Man Attending Virtual Seder Spends 45 Minutes Locating Missing Afikomen

Screen Shot 2020-04-10 at 10.47.39 AM

Bangor, ME – In the midst of the Coronavirus pandemic currently sweeping across the nation, Joseph Schlott was excited, if somewhat skeptical, when he saw on Facebook that his local Messianic synagogue, Congregation Beth Messiah, would be livestreaming a virtual Seder for their members. Sadly, what started as a wonderful alternative for those stuck in solitude turned into a source of considerable frustration before the night had ended.

“I was really looking forward to it,” said Schlott. “I live alone, and of course we’re all social distancing these days.  I would have felt pretty silly reading the Hagaddah out loud alone in my apartment, but the answers to the four questions and the explanations of the elements are just so essential to Passover that I don’t think I could bring myself to skip them. So when they announced that they were taking the congregational Seder virtual, I was thrilled—finally, a congregational Seder worth attending! But I did have one major concern, which was that the Afikomen hunt wouldn’t be much of a challenge. Turns out I was right to be worried about it, but not for that reason.”

The trouble began when the Rabbi paused the proceedings for a few minutes to give the children at home a chance to find the Afikomen. “I knew it wouldn’t be much of a challenge since I’d be both hiding and finding it, but it’s a crucial part of the Seder, right?” said Schlott. “So anyway, I was about to go hide it, when I realized I didn’t have a clue where I’d last put it down. So then I’m looking all over the place for it, and next thing I know the Rabbi’s starting the Seder up again. There wasn’t a way to pause it, so I had to back out of the thing.”

Nearly an hour later, Schlott finally recovered the missing piece of matzah, which had become buried in the recesses of his couch, alongside his previously misplaced keys. Although he’d missed the rest of the livestream, he decided to finish the Seder by pulling up the archived footage, which he reports wasn’t without its additional difficulties. “When I finally found the thing and went back to the video, it started from the beginning. It took me forever to find the right part. All in all, a pretty frustrating end to an unusual night.”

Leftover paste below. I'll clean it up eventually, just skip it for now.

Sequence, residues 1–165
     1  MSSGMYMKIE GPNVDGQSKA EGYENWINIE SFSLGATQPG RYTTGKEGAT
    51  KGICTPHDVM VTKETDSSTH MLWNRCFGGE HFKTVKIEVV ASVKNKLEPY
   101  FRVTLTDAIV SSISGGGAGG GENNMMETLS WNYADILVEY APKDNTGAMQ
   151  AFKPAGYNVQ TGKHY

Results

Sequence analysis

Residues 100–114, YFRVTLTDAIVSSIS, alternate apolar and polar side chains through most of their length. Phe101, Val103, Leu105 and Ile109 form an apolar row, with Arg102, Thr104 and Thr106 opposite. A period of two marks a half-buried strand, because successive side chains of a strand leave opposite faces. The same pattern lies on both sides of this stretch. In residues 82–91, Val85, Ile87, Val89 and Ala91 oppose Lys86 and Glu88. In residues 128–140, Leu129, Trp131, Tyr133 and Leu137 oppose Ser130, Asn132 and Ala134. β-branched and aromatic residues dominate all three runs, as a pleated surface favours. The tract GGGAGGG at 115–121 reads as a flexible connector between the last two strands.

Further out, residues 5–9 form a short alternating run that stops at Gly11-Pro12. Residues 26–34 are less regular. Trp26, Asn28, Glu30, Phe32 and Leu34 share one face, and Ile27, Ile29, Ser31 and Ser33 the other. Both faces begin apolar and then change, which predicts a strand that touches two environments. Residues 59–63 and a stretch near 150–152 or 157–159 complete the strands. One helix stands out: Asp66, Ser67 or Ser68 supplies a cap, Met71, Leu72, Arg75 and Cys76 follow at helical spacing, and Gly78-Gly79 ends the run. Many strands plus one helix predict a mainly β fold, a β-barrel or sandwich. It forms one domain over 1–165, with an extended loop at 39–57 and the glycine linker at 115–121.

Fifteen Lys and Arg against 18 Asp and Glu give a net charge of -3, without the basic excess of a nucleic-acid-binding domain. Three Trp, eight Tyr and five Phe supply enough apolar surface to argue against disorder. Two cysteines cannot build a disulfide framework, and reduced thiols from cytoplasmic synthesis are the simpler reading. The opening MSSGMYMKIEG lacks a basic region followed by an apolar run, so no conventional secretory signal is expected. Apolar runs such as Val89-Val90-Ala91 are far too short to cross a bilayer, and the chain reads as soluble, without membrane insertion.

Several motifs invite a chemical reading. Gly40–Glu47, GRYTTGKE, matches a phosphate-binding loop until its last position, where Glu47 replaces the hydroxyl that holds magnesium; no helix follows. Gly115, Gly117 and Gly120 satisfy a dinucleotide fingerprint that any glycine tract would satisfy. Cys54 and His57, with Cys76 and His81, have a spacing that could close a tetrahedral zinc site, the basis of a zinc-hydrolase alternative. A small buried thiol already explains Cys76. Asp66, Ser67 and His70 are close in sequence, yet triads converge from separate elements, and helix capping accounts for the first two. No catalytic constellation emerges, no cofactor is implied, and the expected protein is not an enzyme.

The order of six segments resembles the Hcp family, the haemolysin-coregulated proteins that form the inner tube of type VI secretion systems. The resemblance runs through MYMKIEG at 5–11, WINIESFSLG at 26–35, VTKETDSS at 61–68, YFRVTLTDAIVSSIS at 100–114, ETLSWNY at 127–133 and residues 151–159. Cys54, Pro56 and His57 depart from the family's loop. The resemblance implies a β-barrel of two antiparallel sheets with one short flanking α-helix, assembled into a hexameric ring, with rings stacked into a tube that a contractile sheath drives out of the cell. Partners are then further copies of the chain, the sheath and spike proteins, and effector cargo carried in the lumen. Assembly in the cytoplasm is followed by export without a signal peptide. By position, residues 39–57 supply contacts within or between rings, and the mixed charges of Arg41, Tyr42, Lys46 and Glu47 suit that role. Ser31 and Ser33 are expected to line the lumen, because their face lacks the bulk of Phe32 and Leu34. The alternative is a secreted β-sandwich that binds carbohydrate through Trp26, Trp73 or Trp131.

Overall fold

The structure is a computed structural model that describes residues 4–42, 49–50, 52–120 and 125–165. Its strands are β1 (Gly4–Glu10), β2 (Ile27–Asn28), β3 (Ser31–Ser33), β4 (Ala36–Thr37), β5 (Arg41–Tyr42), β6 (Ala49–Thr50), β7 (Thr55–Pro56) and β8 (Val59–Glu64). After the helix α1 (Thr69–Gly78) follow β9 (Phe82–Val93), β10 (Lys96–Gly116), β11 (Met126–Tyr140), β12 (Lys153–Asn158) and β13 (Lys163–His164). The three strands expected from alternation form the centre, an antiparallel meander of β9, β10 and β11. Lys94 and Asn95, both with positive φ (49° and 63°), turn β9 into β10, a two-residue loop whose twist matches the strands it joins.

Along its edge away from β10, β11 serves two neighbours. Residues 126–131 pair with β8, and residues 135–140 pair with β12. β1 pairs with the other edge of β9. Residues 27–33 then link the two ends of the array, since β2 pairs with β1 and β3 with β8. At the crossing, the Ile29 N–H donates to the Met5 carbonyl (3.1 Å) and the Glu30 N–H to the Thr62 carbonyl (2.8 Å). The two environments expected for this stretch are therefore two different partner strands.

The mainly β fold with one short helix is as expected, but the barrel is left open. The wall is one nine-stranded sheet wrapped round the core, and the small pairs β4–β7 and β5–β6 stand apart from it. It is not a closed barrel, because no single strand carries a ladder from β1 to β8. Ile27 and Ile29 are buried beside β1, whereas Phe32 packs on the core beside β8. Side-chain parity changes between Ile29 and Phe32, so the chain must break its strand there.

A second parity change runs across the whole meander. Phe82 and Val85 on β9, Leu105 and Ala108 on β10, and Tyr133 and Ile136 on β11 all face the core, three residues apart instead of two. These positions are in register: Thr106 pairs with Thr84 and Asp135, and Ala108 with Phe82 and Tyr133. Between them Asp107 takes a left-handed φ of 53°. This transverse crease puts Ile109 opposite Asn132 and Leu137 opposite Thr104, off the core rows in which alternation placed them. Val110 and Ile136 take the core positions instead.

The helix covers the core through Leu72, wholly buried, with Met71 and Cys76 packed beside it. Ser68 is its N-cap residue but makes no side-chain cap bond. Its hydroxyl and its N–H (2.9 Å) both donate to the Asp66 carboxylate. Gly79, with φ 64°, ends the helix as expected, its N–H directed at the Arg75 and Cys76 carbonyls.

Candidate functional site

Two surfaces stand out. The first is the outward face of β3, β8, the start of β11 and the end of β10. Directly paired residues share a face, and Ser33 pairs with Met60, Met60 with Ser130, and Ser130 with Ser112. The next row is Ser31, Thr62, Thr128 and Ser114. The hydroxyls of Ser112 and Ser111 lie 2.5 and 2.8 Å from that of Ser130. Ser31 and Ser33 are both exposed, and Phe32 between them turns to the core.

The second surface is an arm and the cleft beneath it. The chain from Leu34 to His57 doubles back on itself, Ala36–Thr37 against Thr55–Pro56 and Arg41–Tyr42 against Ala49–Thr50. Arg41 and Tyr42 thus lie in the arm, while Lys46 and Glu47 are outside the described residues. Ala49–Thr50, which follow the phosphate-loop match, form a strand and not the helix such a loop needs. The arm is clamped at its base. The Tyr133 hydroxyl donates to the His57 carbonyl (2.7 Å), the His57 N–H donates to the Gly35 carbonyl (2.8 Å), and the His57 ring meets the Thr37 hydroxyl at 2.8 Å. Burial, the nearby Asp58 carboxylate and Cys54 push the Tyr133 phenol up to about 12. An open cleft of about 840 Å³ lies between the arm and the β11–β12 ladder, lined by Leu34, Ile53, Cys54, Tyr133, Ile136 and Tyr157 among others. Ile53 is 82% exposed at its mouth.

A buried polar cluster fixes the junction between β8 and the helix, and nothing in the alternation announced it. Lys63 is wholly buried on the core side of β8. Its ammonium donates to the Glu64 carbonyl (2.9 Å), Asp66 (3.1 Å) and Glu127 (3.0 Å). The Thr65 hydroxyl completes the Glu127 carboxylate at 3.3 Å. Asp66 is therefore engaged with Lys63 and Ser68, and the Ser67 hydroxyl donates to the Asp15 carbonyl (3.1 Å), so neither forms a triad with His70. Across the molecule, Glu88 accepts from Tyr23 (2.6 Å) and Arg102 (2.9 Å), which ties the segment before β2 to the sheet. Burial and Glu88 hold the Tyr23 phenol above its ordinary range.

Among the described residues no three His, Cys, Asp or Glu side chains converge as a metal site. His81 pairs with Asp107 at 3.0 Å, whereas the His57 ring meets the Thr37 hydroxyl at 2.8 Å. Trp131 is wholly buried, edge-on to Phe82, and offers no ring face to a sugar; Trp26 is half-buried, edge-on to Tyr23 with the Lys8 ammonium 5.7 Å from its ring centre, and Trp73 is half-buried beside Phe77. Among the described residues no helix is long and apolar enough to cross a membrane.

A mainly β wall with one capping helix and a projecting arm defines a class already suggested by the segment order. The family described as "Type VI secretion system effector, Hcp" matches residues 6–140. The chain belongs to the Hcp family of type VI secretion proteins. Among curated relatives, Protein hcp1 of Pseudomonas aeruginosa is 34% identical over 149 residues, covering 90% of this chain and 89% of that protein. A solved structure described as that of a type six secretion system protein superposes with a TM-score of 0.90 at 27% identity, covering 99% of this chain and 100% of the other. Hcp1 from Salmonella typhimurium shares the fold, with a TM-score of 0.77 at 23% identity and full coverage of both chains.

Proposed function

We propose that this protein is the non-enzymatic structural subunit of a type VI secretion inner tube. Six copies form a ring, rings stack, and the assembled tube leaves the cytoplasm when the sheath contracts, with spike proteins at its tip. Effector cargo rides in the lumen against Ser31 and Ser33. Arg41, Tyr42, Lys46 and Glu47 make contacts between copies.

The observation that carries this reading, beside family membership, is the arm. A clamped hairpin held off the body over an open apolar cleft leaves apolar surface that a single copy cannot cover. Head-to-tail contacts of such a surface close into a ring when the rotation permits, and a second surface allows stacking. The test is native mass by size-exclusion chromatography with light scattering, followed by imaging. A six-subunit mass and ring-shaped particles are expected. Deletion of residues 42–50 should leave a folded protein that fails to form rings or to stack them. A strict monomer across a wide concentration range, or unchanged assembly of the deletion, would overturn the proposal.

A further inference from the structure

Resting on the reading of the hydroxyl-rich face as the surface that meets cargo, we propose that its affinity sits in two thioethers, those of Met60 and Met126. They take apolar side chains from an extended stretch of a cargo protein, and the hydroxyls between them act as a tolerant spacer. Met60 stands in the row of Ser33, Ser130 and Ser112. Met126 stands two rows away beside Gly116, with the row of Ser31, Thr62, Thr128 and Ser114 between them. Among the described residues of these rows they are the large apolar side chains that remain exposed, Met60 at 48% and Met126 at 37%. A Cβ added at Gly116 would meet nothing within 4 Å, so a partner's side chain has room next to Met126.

However, when asked if he’d attend another virtual Seder in the future should the need arise, Schlott was open to the possibility. “Obviously I’m hoping that all my future Seders will be in person, surrounded by family and friends, the way it should be. But if we had a situation like this again? Yeah, I think I’d give it another shot. It certainly beats monologuing the whole thing to an empty room like a lunatic. Besides, I gave myself fifty bucks for the Afikomen once I found it; it’s hard to argue with a payout like that.”

 

Want The Meow to be able to continue running? Click here to support us!

Messianic Congregations Across United States Move to New ‘Abuseless Shabbat’ Format Amid COVID-19 Outbreak

online-4727942_960_720

Murca — With a global pandemic at hand and the world rapidly changing, Messianic Congregations across the United States are being forced to re-format their weekly activities. Just as many corporations have moved their work online, Messianic Congregations are following suit. Synagogues are rushing to begin live-streaming their services, so as not to lose the attention of their attendees, while they are forced to close their physical locations for the unforeseeable future. Live-streaming services will allow Rabbis to continue giving their sermons, as well as collect online tithes. However, not meeting in person does present some challenges, including having to loosen their reigns on ensuring congregants stick by their side during this time of uncertainty.

“Honestly, I don’t even know what to do with myself on Shabbat right now,” said Missy W., a member of a nameless Messianic Congregation, located somewhere in the United States. “I can live-stream my Rabbi’s sermon while I’m still in bed. I don’t even have to get up. So that’s like 45 minutes of my life. I don’t even have to get dressed to attend services right now. On a normal week, as a member, I’m required to be at my Synagogue for 10 hours every Saturday. I have to be at my Rabbi’s every beck and call. Sometimes I lead worship, sometimes I am in the nursery, sometimes I am running the soundboard, sometimes I am just a gopher for leadership. If I even try to miss a week of services, they pretty much put out an Amber Alert for me. One week I had a 103º fever and I had five people tell me if I didn’t show up in the next 20 minutes they would have a Sheriff’s Deputy come to my house and escort me there. My Rabbi is a really gifted speaker, but I can do without the rest of his controlling behavior. Our congregation has been closed for two weeks already, and I feel so free right now. I feel like I can breathe. For the first time, in eight years, I can finally just rest and not have to worry about what will happen to me if I just take the day to myself. This new arrangement, where our congregation is 100% virtual, allows me to filter out the bad and only deal with the good. And I am kind of enjoying not dealing with the bad. I’m seriously considering not even returning to my congregation when they re-open in a couple of months. And I actually feel okay with that. Is it okay to do this for myself? I don’t even know if that’s okay. It’s okay, right? Please tell me it’s okay.”

More than 70 Messianic Congregations across the United States and Canada have moved their Shabbat services online, during this time of social distancing. If you would like to attend a virtual Shabbat service, please visit this page for a list of options: https://messianiccomedy.com/find-a-messianic-congregation/